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Sundara Karma cook at Cambridge Room in Cleveland

Sundara Karma

They rocked the Reading & Leeds Fest last September and blew away a Bangers crowd at SXSW last month.

Now art rockers Sundara Karma can tuck Cleveland under their belts.

The British quartet played a near-capacity Cambridge Room at House of Blues Saturday Night (April 15) as part of Sirius XM’s Advance Placement Tour 2017, wowing fans and winning over newcomers with an abbreviated—if incendiary—set.

Formed in 2015 by songwriting schoolmates, the Berkshire band formerly known as Ricochet released its major-label debut Youth Is Only Ever Fun in Retrospect in January on Bee & El / Sony (RCA in the UK) and recently wrapped an overseas tour with popular Irish alt-rock trio Two Door Cinema Club.

Combining the best of ‘80s-‘00s mood-rock (U2, Arcade Fire, Kings of Leon) with the fuzzy throwback sounds of the ‘70s (T-Rex, The Stooges), Sundara Karma ripped through sultry singles like “Young Understanding,” “Freshbloom,” “Hustle,” and “Olympia” with just the right blend of vitriol and verve.

Fronted by blonde singer / guitarist Oscar “Lulu” Pollock, the ensemble looked as sharp as it sounded: Pollock and bassist Dom Cordell sported cool dress shirts and pants to offset their sparkle Telecaster guitar and Rickenbacker bass. Drummer Haydn Evans and lead guitarist Ally Baty went for casual comfort—but took to their respective instruments with businesslike precision.

All four men possess chiseled cheekbones and lustrous hair worthy of T.V. spots for name-brand shampoo and conditioners, all visuals not lost on the ladies in the audience.

Sundara (whose name loosely translates to “Beautiful Fate”) reminded this middle-aged reviewer of Rio-era Duran Duran, what with their taut arrangements, earnest vocals, and cool rapport. But we also sensed a bit of Bowie—primarily in Pollock, who embodied the Thin White Duke’s delicate balance of romantic savoir-faire, sensitive social commentary, and seething anger.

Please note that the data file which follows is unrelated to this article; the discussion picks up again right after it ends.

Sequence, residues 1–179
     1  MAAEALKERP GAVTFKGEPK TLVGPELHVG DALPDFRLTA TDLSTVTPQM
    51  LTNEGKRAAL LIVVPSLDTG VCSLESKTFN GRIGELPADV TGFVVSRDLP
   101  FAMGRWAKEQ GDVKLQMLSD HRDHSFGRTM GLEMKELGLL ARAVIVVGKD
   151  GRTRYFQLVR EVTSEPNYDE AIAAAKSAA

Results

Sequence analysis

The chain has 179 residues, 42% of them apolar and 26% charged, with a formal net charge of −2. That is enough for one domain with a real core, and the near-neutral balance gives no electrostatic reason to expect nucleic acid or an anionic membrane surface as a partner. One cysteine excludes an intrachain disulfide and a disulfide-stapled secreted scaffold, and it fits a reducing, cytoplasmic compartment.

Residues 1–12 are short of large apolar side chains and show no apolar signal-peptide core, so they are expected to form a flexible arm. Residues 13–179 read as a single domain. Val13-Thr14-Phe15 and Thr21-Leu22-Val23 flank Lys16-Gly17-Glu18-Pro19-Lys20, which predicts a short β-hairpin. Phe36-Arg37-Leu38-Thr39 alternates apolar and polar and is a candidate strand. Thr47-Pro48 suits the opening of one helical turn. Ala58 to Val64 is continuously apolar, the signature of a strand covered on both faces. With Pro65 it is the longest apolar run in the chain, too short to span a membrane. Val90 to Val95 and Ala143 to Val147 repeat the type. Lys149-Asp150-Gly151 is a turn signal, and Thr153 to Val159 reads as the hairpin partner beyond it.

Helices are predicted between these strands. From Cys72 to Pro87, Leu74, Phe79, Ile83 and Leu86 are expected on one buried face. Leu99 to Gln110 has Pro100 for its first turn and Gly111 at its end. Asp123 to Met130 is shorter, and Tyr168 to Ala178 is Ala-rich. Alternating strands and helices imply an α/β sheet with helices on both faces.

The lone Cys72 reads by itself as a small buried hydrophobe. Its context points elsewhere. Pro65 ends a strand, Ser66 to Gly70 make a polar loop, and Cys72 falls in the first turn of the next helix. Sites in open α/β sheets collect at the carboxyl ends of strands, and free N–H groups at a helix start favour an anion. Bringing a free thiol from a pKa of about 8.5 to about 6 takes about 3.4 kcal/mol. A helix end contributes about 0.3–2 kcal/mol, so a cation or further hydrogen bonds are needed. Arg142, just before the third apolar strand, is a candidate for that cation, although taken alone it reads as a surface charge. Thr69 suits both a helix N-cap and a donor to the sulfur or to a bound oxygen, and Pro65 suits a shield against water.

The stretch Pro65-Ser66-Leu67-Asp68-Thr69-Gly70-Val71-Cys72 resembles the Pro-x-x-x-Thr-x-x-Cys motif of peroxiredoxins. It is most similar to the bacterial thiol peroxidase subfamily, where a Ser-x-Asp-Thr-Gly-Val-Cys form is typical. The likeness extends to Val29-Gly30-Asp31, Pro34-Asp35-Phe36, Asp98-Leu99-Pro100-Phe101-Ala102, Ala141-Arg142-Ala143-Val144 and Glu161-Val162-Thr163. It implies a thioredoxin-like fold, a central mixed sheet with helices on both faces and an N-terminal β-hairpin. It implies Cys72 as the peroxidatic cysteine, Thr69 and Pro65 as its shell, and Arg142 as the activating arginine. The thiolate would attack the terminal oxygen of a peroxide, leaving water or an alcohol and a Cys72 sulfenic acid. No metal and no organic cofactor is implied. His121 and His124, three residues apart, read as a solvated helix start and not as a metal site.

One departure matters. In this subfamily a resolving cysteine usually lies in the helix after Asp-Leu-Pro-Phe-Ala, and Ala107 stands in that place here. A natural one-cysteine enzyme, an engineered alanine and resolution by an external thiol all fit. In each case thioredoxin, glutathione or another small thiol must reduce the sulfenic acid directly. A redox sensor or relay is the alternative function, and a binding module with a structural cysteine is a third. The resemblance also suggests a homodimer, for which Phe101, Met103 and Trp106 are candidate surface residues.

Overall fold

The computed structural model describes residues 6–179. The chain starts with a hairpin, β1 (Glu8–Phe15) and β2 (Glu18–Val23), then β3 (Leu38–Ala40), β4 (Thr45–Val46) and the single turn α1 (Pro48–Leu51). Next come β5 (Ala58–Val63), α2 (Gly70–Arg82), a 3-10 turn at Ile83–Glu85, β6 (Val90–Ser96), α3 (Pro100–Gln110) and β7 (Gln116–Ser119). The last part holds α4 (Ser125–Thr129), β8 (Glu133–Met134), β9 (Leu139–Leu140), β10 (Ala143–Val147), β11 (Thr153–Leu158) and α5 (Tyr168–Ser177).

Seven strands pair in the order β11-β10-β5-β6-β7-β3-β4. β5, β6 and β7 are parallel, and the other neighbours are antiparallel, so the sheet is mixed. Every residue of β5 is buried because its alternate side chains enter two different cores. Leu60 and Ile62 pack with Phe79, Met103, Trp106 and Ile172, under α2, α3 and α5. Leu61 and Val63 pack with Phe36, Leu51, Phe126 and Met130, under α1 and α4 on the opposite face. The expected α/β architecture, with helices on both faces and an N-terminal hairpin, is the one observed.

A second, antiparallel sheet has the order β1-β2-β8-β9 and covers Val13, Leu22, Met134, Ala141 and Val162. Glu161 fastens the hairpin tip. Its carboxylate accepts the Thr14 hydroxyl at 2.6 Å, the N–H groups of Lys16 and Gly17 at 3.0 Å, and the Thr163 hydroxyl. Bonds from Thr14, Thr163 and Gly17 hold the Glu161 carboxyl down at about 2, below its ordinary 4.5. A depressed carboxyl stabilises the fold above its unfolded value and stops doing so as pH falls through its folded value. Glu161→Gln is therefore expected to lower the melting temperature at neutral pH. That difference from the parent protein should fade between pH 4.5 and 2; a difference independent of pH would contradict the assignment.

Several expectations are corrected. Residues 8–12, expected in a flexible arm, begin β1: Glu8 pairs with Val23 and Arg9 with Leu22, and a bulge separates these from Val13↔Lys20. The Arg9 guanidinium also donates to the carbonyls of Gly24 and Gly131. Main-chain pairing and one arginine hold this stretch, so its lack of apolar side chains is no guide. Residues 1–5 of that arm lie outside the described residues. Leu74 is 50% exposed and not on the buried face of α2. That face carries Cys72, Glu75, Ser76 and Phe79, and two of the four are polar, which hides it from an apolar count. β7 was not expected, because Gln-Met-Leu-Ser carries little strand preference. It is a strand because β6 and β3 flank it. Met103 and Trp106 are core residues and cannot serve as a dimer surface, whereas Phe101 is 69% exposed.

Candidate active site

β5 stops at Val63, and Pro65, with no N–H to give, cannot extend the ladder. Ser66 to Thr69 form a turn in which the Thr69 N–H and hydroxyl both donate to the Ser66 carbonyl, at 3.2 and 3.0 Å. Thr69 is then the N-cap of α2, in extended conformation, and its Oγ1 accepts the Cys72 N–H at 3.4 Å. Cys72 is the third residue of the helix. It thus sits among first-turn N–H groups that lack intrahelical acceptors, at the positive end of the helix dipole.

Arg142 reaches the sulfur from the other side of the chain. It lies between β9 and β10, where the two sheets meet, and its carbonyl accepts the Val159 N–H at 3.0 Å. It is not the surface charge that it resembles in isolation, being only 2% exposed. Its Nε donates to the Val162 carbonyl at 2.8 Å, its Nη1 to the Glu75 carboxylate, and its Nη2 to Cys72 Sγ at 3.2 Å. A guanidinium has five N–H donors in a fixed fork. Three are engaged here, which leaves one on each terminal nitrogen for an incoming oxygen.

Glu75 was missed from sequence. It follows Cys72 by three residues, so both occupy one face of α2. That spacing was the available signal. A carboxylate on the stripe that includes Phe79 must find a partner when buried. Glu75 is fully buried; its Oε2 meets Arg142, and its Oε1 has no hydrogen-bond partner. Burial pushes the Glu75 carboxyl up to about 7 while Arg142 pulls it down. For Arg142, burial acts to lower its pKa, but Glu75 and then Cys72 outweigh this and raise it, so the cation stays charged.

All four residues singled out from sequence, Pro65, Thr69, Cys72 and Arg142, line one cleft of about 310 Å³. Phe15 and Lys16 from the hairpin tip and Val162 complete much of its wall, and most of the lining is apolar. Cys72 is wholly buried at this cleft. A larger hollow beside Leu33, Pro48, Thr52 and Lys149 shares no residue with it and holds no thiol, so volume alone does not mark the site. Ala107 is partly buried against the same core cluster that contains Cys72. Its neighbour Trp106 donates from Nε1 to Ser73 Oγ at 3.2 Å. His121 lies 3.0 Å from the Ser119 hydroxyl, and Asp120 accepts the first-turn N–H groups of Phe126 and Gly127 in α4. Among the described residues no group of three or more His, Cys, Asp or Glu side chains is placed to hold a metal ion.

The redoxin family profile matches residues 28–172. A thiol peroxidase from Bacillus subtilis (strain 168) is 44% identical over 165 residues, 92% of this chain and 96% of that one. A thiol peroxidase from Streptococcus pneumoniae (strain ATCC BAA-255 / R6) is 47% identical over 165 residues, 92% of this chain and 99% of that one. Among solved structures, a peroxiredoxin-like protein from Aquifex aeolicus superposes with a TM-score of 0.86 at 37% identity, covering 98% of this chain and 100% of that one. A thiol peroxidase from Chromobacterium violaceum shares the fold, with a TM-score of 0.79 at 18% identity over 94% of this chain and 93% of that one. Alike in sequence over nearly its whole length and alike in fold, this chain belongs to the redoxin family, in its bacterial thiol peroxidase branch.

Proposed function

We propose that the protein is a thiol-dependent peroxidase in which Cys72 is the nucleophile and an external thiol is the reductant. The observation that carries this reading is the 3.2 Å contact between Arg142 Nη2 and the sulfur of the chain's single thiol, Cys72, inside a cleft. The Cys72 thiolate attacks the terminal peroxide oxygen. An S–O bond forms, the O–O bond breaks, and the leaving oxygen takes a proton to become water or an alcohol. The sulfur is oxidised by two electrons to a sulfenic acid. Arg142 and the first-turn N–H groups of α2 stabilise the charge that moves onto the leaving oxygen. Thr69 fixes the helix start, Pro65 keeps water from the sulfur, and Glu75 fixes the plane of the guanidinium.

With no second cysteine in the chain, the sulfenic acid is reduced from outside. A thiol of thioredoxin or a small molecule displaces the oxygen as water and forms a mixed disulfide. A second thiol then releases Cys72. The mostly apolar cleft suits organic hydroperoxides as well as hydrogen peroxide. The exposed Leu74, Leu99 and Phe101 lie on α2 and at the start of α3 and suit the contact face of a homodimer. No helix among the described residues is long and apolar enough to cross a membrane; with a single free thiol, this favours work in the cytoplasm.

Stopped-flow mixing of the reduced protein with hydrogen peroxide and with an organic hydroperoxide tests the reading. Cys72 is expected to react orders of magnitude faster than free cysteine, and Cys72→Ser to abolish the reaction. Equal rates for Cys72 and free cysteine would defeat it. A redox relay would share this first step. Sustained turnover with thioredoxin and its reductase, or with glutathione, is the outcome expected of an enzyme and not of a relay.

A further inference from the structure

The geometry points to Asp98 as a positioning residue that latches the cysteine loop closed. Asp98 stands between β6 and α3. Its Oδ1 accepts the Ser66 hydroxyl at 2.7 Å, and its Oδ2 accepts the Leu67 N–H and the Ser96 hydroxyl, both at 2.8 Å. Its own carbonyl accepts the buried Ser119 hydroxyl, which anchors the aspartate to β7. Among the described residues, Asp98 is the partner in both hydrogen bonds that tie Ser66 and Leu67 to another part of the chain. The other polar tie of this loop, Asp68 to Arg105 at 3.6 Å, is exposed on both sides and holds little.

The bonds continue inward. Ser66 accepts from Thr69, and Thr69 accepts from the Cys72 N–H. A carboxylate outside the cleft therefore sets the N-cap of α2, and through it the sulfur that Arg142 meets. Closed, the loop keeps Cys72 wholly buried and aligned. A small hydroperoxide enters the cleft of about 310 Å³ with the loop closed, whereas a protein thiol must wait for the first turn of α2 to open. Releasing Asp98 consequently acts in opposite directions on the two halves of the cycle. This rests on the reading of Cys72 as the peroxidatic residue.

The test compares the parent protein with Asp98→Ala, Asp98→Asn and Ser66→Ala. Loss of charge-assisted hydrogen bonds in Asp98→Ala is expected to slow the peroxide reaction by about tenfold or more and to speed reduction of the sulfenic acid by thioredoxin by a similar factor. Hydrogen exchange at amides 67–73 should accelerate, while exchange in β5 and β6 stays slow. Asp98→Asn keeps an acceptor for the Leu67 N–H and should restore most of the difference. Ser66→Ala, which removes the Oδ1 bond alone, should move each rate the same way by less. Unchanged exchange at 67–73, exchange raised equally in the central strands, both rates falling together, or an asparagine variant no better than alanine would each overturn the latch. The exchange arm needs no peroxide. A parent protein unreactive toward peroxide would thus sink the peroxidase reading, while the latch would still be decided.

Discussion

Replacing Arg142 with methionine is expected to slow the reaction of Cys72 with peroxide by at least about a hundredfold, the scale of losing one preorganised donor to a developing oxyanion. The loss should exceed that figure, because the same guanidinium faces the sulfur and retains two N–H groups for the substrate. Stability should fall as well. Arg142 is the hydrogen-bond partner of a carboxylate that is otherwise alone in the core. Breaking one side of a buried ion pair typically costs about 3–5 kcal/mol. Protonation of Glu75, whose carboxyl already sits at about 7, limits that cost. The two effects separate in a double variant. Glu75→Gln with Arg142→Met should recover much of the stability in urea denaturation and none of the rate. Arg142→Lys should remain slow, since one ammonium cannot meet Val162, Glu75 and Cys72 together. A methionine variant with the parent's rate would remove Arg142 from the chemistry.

The band has already won a huge following courtesy groundswell hits like “She Said,” “Deep Relief,” Loveblood,” and “Happy Family” (which Pollock and co. served up near the end). Now, with Youth Is Only Ever Fun… available in wider markets (and the guys profiled in magazines like Harper’s Bazaar, Clash, and Brooklyn Vegan), the group seems poised for next-level success.

“We’d like to thank Sirius XM for having us out,” said Pollock.

“Without that kind of support, we couldn’t afford to tour like this and play for you!”

Opening the show was Los Angeles-based island-pop outfit Coast Modern, comprised of songwriting pals Coleman Trapp (vocals) and Luke Atlas (guitar).

Fresh off extensive road trips with Temper Trap, The Wombats, and BORNS, Trapp and Atlas evinced uncanny musical chemistry and stage experience during their forty-minute showcase. The guys are still prepping their full-length debut—but they had enough aural ammunition to delight the Cambridge crowd, thanks to digital one-offs like “Tiny Umbrella,” “Guru,” and “Animals.”

Trapp bounded about the stage (decorated with colorful lights and an island-evoking palm tree) while Atlas (in a Weezer concert tee) slashed skanking ska chords from his Stratocaster. The fellows were augmented by an unidentified bearded bassist who held the bottom end on new hits “Comb My Hair” and “Pocket Full of No.”

And that petite-but-potent drummer? That was Berklee College of Music alum Steph Barker on percussion.

As suggest by the moniker, Coast Modern draw from sunny Beach Boys pop, Police-like “white reggae,” and Aggrolites-esque muscle for their catchy, Calypso-Cali sound. If fan favorites “The Way It Was” and “Hollow Life” are any indicators, Atlas and Trapp will be surfing even sweeter waves come this time next year.